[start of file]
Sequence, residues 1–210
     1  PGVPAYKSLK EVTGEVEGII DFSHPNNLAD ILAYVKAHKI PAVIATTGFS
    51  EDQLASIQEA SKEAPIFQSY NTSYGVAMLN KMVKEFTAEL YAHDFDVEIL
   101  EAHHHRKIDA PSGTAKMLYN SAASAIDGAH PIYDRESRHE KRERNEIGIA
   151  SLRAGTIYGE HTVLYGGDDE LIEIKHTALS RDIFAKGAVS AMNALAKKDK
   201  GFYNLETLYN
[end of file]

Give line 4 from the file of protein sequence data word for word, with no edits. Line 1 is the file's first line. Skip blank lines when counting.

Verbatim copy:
   101  EAHHHRKIDA PSGTAKMLYN SAASAIDGAH PIYDRESRHE KRERNEIGIA